Volume 9 (Spring 2015)

Paige Sullivan



Skinng



Momma is faster—quick flicks of the wrist

that slit the skin into flecks and chips,

mealy brown, piling in the sink's bottom.

I'm always slower, fearful of slicing a palm

or knuckle: a painstaking drag, speeding up

with impatience, careless enough to make

small knicks that swell pink with chalky juice

the potatoes leak. I want her to teach me how

to so effortlessly remove all the unwanted

weight and obsession that stiffens soily skin,

that spills over waists and cortical ridges.

Unremarkable, grown, bruised until careworn—

we pare and quarter them beyond recognition.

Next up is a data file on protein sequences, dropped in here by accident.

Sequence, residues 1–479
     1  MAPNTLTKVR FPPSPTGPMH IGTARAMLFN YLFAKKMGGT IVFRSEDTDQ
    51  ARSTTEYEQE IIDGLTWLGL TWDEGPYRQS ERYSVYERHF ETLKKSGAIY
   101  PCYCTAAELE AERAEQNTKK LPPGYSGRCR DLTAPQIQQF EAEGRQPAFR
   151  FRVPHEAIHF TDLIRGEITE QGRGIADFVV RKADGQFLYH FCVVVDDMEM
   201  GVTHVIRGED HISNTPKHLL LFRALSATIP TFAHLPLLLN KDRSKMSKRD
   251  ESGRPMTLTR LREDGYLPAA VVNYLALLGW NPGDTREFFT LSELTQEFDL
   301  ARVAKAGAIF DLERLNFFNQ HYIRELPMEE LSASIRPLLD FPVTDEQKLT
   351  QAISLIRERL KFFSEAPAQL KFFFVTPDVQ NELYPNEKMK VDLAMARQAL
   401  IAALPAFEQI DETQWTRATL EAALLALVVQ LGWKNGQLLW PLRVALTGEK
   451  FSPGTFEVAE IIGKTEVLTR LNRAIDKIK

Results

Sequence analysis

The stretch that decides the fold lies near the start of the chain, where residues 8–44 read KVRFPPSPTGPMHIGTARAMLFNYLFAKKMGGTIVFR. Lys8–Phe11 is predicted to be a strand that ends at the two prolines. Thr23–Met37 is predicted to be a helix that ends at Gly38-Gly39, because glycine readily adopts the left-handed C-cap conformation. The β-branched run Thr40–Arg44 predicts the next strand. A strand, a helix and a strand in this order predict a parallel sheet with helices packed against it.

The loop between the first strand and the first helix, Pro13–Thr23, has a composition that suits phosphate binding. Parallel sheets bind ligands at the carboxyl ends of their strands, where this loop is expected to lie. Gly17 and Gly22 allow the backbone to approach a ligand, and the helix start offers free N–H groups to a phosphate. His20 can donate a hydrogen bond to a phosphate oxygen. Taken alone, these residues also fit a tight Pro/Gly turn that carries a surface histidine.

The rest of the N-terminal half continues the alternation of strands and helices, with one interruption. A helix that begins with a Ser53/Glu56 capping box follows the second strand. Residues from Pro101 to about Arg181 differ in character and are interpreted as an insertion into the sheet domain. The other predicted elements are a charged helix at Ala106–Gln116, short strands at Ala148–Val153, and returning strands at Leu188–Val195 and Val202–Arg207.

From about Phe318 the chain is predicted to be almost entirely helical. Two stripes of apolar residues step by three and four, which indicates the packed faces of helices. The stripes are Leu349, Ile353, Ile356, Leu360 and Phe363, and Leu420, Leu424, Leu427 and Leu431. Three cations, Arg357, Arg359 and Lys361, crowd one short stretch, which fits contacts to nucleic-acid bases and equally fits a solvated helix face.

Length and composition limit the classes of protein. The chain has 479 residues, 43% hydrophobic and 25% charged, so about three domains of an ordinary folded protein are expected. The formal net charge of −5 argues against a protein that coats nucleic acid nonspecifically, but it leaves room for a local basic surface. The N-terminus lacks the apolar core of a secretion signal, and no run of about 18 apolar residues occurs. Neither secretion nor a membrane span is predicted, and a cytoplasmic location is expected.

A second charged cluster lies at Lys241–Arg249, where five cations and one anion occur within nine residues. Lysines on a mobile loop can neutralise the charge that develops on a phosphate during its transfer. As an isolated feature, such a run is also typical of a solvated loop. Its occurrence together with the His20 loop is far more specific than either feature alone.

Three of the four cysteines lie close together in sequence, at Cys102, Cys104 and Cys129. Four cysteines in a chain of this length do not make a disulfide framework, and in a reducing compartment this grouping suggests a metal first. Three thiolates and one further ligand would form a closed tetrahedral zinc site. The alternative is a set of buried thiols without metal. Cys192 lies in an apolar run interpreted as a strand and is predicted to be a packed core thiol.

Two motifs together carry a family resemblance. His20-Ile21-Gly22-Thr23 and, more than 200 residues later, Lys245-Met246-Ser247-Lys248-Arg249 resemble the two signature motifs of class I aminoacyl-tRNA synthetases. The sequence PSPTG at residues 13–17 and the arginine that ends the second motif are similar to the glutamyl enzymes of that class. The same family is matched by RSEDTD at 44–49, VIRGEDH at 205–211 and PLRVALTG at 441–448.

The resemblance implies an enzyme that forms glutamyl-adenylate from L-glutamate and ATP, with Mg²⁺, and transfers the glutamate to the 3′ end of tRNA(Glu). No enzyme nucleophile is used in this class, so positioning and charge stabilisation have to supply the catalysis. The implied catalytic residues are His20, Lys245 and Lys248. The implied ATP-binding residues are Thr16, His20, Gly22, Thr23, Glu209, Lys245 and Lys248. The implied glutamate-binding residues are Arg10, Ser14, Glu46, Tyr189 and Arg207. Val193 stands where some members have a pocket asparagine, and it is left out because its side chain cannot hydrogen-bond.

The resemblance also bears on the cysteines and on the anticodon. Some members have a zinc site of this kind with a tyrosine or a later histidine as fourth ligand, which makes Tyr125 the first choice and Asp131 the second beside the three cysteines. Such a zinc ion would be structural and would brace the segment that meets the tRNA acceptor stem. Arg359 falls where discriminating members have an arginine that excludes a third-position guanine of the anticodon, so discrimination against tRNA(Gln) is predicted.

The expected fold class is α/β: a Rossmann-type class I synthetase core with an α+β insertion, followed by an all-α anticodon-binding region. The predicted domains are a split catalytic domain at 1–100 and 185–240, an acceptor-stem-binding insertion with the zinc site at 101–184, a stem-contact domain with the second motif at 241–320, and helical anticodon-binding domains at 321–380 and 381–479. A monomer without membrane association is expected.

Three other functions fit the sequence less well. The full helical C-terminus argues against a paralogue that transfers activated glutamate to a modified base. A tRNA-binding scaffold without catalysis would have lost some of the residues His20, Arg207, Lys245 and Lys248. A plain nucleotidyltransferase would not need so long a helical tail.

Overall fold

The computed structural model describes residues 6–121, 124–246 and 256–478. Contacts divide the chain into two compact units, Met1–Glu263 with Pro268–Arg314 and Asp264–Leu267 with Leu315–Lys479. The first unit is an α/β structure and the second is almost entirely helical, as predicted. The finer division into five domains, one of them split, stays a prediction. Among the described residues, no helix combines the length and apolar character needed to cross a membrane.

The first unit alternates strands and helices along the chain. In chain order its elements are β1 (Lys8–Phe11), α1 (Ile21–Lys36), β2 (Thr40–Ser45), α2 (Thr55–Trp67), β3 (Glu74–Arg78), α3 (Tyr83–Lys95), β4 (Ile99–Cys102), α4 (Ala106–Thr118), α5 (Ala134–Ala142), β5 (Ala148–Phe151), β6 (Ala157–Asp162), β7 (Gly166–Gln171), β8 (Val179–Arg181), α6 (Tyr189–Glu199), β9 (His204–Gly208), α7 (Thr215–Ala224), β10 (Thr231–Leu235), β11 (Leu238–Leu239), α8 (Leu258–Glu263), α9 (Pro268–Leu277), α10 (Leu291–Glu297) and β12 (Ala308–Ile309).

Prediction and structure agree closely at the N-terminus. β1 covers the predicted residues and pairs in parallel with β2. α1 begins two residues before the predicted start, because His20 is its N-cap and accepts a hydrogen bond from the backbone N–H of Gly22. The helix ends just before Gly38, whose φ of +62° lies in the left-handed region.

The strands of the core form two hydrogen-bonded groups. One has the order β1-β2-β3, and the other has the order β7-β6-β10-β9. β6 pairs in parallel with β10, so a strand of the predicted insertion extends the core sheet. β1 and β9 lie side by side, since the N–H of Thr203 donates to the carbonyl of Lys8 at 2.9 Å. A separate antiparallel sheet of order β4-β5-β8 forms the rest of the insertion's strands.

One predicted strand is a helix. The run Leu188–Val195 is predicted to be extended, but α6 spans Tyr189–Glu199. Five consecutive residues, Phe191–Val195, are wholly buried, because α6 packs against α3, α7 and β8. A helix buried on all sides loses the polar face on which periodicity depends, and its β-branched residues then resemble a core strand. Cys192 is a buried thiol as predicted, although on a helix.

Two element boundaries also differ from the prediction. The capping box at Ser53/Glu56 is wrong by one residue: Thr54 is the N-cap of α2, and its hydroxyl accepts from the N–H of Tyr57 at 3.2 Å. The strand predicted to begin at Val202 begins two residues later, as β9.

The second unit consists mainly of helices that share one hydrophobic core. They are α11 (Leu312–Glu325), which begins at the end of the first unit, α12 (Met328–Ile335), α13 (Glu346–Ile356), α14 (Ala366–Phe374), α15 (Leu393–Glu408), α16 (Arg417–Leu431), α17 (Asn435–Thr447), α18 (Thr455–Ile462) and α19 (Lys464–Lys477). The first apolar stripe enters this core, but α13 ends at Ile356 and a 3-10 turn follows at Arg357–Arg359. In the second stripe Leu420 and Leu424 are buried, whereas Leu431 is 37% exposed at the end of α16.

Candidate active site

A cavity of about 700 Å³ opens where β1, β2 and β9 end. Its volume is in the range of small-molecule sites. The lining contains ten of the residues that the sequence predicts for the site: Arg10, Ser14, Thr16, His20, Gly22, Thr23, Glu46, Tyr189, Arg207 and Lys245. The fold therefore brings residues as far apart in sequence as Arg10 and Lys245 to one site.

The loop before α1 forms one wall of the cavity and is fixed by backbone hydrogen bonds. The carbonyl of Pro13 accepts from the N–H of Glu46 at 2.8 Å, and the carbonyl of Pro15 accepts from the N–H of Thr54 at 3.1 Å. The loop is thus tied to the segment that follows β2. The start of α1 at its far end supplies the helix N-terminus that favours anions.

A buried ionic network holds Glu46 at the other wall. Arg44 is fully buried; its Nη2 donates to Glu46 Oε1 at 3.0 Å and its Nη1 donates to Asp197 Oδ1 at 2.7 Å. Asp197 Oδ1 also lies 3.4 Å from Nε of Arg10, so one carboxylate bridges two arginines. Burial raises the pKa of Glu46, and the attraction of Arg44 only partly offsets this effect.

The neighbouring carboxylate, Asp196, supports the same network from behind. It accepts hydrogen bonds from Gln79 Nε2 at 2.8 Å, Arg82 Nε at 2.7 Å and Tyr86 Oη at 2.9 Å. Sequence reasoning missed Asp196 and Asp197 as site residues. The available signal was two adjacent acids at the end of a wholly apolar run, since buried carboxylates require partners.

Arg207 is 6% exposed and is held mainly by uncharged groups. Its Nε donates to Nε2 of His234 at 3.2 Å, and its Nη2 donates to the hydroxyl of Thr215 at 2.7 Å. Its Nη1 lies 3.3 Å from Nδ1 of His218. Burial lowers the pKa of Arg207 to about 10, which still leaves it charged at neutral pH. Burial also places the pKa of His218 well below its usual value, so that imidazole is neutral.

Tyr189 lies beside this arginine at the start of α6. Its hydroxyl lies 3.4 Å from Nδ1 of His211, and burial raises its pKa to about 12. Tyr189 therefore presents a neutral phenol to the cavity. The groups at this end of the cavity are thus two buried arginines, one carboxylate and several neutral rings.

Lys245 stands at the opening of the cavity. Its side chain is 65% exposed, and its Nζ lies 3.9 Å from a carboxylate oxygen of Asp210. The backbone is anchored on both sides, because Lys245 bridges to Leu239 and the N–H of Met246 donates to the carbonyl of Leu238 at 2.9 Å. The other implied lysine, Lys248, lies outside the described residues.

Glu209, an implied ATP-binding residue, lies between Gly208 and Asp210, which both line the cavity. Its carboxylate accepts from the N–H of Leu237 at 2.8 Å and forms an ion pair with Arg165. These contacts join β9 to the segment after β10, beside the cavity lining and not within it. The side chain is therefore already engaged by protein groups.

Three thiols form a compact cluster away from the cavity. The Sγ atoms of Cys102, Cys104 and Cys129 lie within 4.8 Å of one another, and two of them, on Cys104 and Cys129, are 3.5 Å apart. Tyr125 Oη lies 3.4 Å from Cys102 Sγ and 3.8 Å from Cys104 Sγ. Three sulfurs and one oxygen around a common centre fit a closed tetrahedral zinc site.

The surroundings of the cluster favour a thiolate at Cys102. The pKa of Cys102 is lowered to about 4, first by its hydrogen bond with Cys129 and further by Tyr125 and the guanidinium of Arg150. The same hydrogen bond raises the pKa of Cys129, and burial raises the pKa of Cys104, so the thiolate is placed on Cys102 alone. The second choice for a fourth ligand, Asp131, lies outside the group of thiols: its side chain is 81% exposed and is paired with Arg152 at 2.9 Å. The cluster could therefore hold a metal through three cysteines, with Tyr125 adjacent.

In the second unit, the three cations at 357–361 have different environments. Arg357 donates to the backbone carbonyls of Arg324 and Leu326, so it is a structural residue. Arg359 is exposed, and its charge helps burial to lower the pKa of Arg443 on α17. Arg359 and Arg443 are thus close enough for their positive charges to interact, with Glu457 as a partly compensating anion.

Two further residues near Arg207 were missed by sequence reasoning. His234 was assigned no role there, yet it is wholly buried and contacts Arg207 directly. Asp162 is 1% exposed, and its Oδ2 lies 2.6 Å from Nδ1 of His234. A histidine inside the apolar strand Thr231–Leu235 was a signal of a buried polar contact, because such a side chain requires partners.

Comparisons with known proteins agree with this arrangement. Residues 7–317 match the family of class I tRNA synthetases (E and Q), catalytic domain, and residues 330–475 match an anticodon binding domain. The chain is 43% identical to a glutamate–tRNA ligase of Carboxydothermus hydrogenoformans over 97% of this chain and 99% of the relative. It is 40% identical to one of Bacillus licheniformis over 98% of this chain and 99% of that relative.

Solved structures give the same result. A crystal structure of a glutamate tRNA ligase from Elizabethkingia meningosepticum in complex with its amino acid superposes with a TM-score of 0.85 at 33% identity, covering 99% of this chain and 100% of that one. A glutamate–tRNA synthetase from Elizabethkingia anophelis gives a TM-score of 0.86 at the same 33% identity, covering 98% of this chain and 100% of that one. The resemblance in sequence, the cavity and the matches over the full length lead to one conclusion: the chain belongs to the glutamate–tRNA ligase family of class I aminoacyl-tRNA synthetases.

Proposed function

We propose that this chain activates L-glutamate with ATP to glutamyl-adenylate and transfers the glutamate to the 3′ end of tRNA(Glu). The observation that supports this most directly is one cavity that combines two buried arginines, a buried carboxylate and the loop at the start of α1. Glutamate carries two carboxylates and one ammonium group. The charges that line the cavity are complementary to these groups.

Paige Sullivan, a graduate of Agnes Scott College, is currently an MFA candidate at Georgia State University, where she also works as an assistant editor at Five Points and an English composition instructor. My work has previously appeared in Boston Literary Magazine, The Red Clay Review, Stone Highway Review, and Naugatuck River Review.


On Libations: "My favorite drink is a Pimm's cup, or, when I'm feeling like a real rural Georgian woman, a Miller Light."